This is a thought provoking, prize-winning play (Tony Award, Best Play 2016) filled with funny dialog offered by a superb ensemble. Ordinary lives are presented with extraordinary precision under the direction of Joe Mantello. It comes to us straight from New York. After Seattle, this production will move on to theatres across the country.

Through Dec., 17 at Seattle Repertory Theatre, 155 Mercer St., Seattle, 206 443-2222 or seattlerep.org.

Acrobatic Conundrum at 12th Avenue Arts

They call it a contemporary circus. There are no animals, no clown costumes, no big top, but there are plenty of acrobatics and balletic moves, and I guarantee you will be astounded by some of the acts. A small band (bass guitar, guitar, and drums) accompanies the acrobats along with comedic introductions.

A man flies in on a rope then performs ceiling high “balletic dances” by twisting and turning on his sky-high perch. Another performer circles the stage in a gigantic hoop while juggling bowling pins. There’s lots of physical humor, and naturally there’s more than a little clowning, proving that clown costumes aren’t necessary to make people laugh.

Humor abounds with the actors playing off one another and offering smart repartee. Each weekend, there’s a small change in players and offerings.

One of the most amazing acts in last weekend’s shows consisted of Mama and Papa Gentile and their four children ranging in age from 21 months to 11 years. Not only are they all acrobats but also they have perfected the skill of foot juggling. Mama juggles everything from a table to a huge flowerpot, lying on her back while her feet madly move the goods in circles and at speed. It’s astonishing to see what she can do to that table. She also juggles her children who, amazingly, can foot juggle too. Even the 21-month old is incorporated in the act.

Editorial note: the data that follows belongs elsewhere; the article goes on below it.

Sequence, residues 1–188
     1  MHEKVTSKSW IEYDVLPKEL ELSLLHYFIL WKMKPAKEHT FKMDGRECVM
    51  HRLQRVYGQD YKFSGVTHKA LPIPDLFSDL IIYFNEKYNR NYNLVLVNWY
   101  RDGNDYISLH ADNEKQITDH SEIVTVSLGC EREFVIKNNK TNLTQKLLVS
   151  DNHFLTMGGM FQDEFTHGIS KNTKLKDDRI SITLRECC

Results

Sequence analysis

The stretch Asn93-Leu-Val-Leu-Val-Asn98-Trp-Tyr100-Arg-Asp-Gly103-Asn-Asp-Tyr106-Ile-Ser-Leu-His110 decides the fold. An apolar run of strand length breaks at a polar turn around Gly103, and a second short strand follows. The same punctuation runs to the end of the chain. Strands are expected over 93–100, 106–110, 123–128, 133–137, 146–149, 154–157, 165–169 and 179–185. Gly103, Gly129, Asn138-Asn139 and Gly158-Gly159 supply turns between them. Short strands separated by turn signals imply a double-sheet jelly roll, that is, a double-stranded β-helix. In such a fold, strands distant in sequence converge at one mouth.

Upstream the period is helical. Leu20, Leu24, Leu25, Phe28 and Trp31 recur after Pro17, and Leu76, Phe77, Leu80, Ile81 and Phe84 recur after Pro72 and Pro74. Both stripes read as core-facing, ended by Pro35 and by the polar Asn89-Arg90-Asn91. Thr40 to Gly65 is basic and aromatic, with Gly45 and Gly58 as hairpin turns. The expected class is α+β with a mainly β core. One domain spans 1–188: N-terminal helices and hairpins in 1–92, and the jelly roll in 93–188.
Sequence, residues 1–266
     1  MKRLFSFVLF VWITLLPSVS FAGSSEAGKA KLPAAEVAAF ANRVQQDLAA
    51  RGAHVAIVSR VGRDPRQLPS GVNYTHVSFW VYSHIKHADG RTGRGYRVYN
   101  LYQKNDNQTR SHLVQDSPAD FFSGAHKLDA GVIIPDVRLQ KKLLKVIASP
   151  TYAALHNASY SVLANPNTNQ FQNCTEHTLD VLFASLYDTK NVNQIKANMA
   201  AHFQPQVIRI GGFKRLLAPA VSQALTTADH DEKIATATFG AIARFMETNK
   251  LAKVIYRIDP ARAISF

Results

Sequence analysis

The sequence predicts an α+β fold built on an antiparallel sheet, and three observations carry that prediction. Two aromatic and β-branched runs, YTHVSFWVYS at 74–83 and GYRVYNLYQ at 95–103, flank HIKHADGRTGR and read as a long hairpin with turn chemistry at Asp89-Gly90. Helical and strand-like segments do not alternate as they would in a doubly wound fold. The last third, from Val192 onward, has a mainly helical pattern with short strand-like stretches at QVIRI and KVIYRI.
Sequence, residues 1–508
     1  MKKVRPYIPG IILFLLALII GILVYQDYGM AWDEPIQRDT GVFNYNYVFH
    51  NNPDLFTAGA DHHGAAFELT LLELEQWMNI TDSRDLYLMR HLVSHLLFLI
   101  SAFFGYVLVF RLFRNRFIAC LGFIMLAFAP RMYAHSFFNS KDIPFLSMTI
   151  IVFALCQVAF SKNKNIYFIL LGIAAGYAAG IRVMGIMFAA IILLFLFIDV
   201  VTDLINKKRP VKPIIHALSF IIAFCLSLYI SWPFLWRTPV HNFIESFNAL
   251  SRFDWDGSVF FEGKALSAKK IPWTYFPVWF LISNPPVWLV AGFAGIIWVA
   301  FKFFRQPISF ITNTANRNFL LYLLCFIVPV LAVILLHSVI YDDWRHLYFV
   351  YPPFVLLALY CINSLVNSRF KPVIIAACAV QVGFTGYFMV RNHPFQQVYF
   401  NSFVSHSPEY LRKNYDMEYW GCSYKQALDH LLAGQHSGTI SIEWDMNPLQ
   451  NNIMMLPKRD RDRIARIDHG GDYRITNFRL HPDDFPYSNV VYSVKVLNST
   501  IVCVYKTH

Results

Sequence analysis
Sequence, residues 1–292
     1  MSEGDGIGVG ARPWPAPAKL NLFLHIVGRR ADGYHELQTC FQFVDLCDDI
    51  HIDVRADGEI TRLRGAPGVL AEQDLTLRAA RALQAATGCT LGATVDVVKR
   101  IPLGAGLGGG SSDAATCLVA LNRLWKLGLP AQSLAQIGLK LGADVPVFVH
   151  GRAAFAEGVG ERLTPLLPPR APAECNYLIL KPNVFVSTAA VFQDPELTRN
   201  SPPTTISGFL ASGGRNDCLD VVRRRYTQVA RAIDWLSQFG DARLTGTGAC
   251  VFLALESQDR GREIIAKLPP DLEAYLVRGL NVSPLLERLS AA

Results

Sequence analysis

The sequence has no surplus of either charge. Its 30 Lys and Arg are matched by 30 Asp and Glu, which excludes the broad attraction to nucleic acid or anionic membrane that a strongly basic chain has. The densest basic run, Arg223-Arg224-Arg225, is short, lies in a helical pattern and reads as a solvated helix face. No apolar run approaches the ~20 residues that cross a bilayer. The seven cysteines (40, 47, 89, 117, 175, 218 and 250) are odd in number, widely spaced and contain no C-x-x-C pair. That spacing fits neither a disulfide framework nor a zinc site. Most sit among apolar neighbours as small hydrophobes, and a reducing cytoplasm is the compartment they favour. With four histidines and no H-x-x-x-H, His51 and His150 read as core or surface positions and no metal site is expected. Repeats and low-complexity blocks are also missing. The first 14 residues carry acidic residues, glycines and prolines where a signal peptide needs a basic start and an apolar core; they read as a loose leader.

It may not be Cirque du Soleil but it is a fun and different night at the theatre.

Dec. 8-10 at 12th Avenue Arts, 1620 12th Ave., Seattle, www.bit.ly/acrobaticdecember.

“A Civil War Christmas” at Taproot

Each year when planning their December offering, theatre’s must decide whether they should go with a well loved standard featuring Charlie Brown, Scrooge or some other icon of the season, or should they offer something new, something that captures the season but does so in a fresh fashion. Taproot this year went for the new, “A Civil War Christmas” by the esteemed playwright Paula Vogel.

Hazel Rose Gibson, Tré Calhoun, Dedra D. Woods, Maya Burton and Jelani Kee. Photo by Robert Wade.

For me, it wasn’t the wisest choice. Despite a fine, well-integrated cast and the well-chosen and well-presented musical numbers that enrich the production, it moved slowly and was far more historical than holiday. The characters range from young slave children to such significant historical persons as Lincoln himself, his wife, Mary, Robert E. Lee, and even John Wilkes Booth. They exist side-by-side with the slaves, weary Union soldiers and civilians.